Civil Society Organisations and Societal Transformation in Africa: The Case of Ethiopia
Author: Kelkil , Feleke T, email@example.com
Department: Development Studies
University: UNISA, South Africa
Supervisor: Prof Catherine A Odora Hoppers
Year of completion: 2015
Language of dissertation: English
Civil Society Organizations
, Social Transformation
, Participatory Development
, Citizens led development
The thesis is concerned with civil society organisations (CSOs) and the challenges of facilitating sustainable societal transformation in Africa, focusing on the case of Ethiopia. The thesis underlines the fact that the conceptualization of civil society is controversial. Some western scholars argue that the Enlightenment period in Europe provided the bedrock for the foundation of ‘modern’ CSOs. As a result, they believed that the life patterns and ‘traditional’ social organizing practices of Africans, Asians and other societies of the world are incompatible with the civilized world. This outlook constitutes the mainstream view that has played an uncontested role in the decades of development in Africa.
Proponents of African and ‘traditional’ perspectives of civil society, however, argue that many nations in Africa have centuries-old humanism and a history of volunteerism and civic institutions, which form the backbone of their social fabric. They argue that Africa has its own rich culture and civilization which is the bedrock for generating and developing healthy human societies and effectively functioning CSOs on the continent. These African civic cultures nurture character and intellect within communities and social spaces despite the challenges of colonialism, globalization and other external pressures. For this reason, they challenge western-based perspectives on ‘modern’ CSOs. Given the predominance of and the tension in these two perspectives, this thesis calls for a re-examination of the concepts, meanings and practices of CSOs and the exploration of the role of ‘traditional’ CSOs in facilitating societal transformation in contemporary Ethiopia, Africa.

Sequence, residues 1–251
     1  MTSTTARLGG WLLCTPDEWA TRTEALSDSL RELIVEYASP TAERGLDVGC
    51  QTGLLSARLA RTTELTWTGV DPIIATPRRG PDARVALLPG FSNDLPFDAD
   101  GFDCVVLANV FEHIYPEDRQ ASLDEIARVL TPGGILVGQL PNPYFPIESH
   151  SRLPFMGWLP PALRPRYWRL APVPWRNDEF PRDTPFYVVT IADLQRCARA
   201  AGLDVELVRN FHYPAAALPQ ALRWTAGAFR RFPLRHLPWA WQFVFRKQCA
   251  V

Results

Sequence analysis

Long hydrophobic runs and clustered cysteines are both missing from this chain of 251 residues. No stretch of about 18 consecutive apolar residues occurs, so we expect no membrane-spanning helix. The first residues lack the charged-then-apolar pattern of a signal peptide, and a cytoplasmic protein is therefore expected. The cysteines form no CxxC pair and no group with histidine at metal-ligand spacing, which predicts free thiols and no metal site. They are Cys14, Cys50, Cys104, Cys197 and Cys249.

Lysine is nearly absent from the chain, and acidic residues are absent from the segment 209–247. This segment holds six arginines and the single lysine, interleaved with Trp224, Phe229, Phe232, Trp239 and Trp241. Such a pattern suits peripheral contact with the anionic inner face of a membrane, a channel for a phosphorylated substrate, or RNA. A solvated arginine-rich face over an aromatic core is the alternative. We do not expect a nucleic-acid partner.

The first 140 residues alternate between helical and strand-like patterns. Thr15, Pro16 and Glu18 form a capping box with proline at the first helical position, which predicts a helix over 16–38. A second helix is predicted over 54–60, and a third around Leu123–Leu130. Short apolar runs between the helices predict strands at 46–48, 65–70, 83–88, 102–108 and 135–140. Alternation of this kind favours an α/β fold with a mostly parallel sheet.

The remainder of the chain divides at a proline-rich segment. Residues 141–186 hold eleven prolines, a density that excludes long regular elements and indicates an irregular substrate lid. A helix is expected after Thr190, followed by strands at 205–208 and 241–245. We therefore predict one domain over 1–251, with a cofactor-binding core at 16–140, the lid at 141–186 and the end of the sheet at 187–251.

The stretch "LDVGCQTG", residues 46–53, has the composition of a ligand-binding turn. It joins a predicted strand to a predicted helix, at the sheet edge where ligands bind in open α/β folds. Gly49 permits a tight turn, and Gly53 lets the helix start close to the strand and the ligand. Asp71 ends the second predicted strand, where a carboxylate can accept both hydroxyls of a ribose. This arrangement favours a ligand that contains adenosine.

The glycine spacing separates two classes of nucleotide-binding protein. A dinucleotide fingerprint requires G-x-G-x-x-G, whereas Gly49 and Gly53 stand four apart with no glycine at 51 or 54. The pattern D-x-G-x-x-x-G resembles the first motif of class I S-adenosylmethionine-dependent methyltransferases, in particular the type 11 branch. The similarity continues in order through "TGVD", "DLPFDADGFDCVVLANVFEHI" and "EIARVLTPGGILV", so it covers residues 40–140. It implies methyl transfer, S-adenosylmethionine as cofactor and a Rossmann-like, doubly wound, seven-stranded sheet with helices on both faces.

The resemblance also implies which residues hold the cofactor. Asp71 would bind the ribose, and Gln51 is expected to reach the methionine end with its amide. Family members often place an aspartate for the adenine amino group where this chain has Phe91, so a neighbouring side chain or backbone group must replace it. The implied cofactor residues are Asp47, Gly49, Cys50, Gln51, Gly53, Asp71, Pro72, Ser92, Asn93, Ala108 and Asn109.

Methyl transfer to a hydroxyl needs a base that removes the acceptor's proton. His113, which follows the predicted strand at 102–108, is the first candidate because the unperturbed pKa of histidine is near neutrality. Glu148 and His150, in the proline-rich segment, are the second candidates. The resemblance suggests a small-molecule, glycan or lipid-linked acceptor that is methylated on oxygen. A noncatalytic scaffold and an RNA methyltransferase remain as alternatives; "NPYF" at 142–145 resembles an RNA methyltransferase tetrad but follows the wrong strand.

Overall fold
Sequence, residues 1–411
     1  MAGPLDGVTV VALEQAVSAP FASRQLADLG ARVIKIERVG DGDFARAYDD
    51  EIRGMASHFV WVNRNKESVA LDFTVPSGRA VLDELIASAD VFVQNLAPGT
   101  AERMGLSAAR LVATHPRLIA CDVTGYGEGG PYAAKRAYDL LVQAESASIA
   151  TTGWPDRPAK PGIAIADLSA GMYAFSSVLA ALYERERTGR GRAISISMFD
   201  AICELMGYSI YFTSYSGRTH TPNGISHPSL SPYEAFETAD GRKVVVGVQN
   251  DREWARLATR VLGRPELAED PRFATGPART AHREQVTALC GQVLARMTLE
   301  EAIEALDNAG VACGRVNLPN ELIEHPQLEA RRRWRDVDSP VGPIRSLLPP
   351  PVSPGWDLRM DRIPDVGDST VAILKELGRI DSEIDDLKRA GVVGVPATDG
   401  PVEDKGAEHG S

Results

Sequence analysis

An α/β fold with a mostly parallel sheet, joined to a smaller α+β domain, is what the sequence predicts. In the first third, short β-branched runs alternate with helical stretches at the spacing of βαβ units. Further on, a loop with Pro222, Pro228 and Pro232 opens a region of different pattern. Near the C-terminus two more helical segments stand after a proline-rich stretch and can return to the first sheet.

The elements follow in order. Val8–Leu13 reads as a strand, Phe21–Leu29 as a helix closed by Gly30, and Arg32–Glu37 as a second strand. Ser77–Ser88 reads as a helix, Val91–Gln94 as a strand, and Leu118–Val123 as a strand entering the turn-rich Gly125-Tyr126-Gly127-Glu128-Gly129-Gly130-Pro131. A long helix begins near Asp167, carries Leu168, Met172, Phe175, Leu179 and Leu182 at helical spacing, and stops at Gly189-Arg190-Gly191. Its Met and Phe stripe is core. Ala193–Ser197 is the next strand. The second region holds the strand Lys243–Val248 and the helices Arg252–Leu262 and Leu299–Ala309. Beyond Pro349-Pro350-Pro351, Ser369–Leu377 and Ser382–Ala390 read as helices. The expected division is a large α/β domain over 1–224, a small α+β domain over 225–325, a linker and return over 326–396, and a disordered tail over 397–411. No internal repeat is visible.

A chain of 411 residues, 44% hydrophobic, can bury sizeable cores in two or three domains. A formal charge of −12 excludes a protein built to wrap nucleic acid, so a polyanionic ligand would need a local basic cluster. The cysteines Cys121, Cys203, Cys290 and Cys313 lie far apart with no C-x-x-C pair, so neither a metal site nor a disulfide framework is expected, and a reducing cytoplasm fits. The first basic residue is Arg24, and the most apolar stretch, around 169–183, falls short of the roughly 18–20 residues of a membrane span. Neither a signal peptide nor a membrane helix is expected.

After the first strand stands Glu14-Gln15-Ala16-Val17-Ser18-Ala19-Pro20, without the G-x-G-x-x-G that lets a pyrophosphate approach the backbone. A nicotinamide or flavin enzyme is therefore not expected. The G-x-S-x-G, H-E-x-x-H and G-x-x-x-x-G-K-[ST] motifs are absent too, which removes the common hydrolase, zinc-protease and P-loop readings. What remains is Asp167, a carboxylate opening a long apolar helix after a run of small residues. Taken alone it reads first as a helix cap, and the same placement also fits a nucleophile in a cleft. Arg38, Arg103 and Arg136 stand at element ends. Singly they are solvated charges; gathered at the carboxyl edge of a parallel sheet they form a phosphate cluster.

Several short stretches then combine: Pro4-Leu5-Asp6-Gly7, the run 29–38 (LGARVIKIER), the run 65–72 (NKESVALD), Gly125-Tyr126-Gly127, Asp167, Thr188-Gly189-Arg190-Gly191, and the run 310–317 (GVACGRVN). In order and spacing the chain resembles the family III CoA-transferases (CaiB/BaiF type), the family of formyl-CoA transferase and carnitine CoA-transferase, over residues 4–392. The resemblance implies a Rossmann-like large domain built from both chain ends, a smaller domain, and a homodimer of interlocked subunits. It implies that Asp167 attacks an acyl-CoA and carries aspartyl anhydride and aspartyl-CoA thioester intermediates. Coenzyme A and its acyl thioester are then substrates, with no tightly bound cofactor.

In so doing, it critically examines how the tensions in various international development agendas have led to the legitimisation and proliferation of ‘modern’ and western-based non-governmental organisation (NGO) interventions in Africa, and then discusses the way the civil society sector, particularly ‘traditional’ CSOs, is side-lined owing to the funding formulas that regard western-based NGOs as preferred development partners.
For this, the thesis takes a case-based approach to the study of ‘traditional’ CSOs in Ethiopia, and examines their goals and practices leading to social transformation experiences by reviewing the political history, genesis and civic functions of CSOs and the social changes at grassroots levels. The thesis also analyses the ways in which local communities organize their ‘traditional’ associations and collectively engage in social action to transform their communities. It also highlights the negative implications of the neo liberal theoretical discourses and the developmental state approaches in relation to ‘traditional’ African CSOs. In conclusion, the thesis suggests critical pathways for harnessing the role of ‘traditional’ African CSOs in the future societal transformation process in Africa.